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brings to life a pioneering English feminist and the daughter she never knew. Mary Wollstonecraft and Mary Shelley has each been the subject of numerous biographies. Yet no author has ever examined their lives in one book — until now.

Mary Wollstonecraft died in 1797, ten days after giving birth to her second daughter. Five years earlier, Wollstonecraft had won fame by proclaiming the rights of women in A Vindication of the Rights of Woman. Her daughter Mary was to follow a similarly audacious path, publishing Frankenstein at age nineteen. Brave, passionate, and visionary, Wollstonecraft and Shelley broke almost every rule there was to break. They had scandalous love affairs, bore children out of wedlock and chose to live in exile outside their native country. Each in her own time fought against the injustices women faced and wrote books that changed literary history.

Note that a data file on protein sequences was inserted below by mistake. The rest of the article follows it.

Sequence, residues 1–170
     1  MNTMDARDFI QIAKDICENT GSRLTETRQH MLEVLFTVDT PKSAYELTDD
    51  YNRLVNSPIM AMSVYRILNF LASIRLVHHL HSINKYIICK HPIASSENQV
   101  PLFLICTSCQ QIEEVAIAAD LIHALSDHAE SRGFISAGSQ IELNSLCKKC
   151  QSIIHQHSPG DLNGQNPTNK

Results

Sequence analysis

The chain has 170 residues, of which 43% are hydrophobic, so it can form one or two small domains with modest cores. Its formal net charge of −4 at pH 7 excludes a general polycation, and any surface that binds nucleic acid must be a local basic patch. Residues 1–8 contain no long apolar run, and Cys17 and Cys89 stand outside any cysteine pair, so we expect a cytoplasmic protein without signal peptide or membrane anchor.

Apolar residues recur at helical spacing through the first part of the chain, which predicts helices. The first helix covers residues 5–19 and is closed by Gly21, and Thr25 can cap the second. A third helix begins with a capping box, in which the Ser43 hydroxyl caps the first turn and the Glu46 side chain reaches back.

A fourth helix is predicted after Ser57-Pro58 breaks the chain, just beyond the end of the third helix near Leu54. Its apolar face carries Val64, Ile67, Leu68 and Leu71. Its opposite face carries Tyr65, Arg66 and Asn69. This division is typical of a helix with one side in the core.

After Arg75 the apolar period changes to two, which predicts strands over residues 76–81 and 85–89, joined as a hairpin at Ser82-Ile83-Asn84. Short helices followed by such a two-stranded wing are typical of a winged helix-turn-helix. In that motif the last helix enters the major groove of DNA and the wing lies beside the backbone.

Romantic Outlaws interweaves their lives in alternating chapters, taking readers on a vivid journey across Revolutionary France and Victorian England, from the seaports of Italy to the highlands of Scotland. The cast of characters also includes the men in their lives, including the mercurial genius Percy Shelley, the unbridled libertine Lord Byron, and the brilliant, radical William Godwin.

In a book that reads like a richly textured historical novel, Gordon reveals for the first time the defiant, creative lives of this daring mother-daughter pair who refused to be confined by the rigid conventions of their era.

“Wordsworth and Byron must step aside
to make room for two brilliant women,
Mary Wollstonecraft and her daughter
Mary Shelley, early and late Romantics
whose remarkable contributions to their
time and ours lend Gordon’s artfully
twined tale special significance.”
—MEGAN MARSHALL, Pulitzer Prize-winning
author of Margaret Fuller: A New American Life 
and The Peabody Sisters